You don’t know whom to trust nowadays in Tehran. Members of the feared Basij paramilitary roam the streets at night, often blending in with people lounging in parks or window-shopping at the capital’s many squares. Locals are reluctant to discuss anything remotely political in public, let alone divulge their opinions. And looming over everything else is the constant paranoia of surveillance: on the Web, over the notoriously unreliable mobile networks, on the hectic, crowded streets, even at work.
In many ways Iran, and in particular Tehran the epicenter of over a month of protests triggered by the June 12 presidential election has become an Orwellian police state. Security has particularly tightened in the past few weeks as the regime has attempted to root out the intellectuals, journalists, opposition leaders and political organizers who have been firing up dissent. “We haven’t seen this kind of security in 30 years,” says one office manager in northern Tehran, alluding to the days before the 1979 revolution when the country was ruled by the Shah and his much-feared secret police, SAVAK. “They [the security apparatus] are lashing out because they’re afraid the system is going to fall.”
The renewed shakedown has led many Iranians to be subversive in more discreet ways. Instead of joining street protests, they try to short the electrical grids by turning on all household appliances en masse; they boycott products advertised on state TV; and they increasingly turn to Twitter, blogs, Facebook, e-mail-distribution lists and underground newspapers to bring attention to the regime’s brutal tactics.
That is mainly to try to avoid bumping up against the Basij, who rule the streets. The government has chosen to rely increasingly on the force, which some believe to number more than 100,000 in Tehran alone, though that statistic is impossible to confirm. In previous days, they were primarily shipped in on a temporary basis from the more conservative countryside to quash planned street demonstrations. But now they seem here to stay. They operate out of the city’s mosques, from which they venture out to patrol the streets at all hours of the night on motorcycles, often in small gangs. On a recent night, three Basiji were seen at 2 a.m. standing next to their parked motorcycles on a residential street.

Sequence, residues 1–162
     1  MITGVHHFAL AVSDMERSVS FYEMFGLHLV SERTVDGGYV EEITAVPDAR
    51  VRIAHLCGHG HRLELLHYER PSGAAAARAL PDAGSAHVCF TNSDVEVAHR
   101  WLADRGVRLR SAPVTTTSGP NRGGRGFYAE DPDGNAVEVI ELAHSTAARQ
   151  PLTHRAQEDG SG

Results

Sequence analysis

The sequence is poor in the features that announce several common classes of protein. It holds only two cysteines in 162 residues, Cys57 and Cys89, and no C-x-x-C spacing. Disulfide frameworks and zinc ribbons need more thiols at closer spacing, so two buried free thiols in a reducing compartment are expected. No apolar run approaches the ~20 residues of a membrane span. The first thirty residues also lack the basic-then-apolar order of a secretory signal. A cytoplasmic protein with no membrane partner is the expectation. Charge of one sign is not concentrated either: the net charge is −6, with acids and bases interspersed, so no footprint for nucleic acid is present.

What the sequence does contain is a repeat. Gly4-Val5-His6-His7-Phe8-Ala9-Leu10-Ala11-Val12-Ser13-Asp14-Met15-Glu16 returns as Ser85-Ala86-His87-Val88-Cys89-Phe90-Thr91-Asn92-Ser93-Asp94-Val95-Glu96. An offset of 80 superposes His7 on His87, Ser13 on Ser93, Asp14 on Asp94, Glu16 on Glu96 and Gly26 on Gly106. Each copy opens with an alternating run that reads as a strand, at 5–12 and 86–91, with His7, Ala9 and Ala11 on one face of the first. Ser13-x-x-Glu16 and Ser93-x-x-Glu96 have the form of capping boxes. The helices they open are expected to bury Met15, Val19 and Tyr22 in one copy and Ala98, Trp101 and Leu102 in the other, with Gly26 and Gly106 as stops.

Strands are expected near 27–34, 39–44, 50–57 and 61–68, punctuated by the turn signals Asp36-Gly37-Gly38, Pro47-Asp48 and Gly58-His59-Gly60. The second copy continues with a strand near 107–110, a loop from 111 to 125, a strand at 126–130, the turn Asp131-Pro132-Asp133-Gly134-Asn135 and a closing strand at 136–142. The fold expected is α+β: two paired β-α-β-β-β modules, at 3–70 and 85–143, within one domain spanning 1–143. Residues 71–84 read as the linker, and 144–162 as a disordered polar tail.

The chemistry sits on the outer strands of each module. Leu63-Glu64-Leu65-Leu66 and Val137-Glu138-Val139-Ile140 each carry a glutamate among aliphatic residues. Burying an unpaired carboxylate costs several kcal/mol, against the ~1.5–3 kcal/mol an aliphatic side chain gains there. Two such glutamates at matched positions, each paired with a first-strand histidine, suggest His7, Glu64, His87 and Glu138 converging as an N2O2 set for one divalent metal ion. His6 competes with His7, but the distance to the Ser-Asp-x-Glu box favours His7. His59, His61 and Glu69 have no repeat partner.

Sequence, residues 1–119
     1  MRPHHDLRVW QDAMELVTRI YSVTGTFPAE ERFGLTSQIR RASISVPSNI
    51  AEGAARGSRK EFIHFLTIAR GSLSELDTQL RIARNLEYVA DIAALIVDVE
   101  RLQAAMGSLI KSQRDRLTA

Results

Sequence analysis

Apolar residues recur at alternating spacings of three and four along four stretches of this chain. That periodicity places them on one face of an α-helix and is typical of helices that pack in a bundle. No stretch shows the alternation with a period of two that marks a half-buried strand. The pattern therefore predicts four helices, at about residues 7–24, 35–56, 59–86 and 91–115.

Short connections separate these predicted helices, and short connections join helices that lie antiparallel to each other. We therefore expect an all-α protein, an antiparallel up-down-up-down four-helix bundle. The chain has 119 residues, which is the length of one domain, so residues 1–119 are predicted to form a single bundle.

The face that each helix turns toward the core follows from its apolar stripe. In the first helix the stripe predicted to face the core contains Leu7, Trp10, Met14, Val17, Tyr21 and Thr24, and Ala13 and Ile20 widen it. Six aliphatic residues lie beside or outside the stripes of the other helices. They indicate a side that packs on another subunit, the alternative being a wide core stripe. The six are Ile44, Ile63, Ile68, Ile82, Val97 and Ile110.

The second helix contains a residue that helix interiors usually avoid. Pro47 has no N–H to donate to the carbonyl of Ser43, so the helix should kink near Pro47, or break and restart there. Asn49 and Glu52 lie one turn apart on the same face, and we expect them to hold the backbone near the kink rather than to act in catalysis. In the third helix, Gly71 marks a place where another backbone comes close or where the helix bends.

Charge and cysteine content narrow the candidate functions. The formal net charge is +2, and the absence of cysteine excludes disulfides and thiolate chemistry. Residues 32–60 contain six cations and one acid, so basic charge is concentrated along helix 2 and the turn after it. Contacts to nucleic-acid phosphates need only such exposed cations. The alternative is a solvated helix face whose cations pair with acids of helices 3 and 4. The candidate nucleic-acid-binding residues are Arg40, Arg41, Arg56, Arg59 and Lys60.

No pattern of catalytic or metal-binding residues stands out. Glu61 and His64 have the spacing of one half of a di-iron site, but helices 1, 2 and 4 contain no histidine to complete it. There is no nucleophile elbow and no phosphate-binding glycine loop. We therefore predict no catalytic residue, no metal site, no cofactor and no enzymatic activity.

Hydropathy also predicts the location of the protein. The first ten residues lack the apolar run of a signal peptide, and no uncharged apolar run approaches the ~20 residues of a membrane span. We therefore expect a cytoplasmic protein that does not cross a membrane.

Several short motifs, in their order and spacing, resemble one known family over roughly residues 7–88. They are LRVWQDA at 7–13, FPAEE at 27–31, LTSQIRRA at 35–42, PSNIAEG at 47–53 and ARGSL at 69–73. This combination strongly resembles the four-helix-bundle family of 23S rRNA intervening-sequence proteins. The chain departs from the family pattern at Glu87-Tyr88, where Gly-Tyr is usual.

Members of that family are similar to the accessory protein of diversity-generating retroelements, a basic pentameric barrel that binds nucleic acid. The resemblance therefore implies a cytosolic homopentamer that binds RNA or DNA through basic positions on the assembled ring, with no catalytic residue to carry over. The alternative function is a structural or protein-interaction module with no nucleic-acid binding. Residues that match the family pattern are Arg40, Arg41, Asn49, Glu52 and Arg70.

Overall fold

The militia, which emerged during the Iran-Iraq war in the 1980s as a religious youth group that sent its members to sacrifice themselves by clearing land mines, has now become Iran’s Big Brother, mafia, and neighborhood hooligans all rolled into one. During the street protests, they barged through the crowd Mad Maxstyle, brandishing wooden batons. Now they are playing more of an intelligence-gathering role, and consequently they have become much harder to detect. In recent weeks, many have shaved their telltale beards and shed their secondhand clothes; one group of Basiji recently spotted in north Tehran wore collared shirts, snappy dress shoes and jeans, allowing them to blend in with the trendy crowd.
Two Iranian women in their early 30s who live in a tony neighborhood in northern Tehran say they do not go out alone after dark, particularly because the Basij have been cracking down on partygoers who try to circumvent the Islamic Republic’s strict rules forbidding alcohol, dancing or consorting with the opposite sex. One university student, who claims that the Basij raped his former girlfriend after she left a party last year, says he has avoided venturing out at night since the election. If he does have to go out, he calls a taxi to come directly to his apartment. “The streets are crawling with them,” he says. “It’s too dangerous. At the least, they’ll stop you and ask where you’ve been.”
Indeed, word of mouth has made the Basij even more fearsome. Stories abound of nondescript locals getting picked up for the flimsiest reasons. One businessman says an associate of his who runs a consulting firm was dragged recently from a flight back to Tehran and then whisked away by security personnel for days of interrogation. These Kafkaesque tales have become a part of everyday life in Iran.
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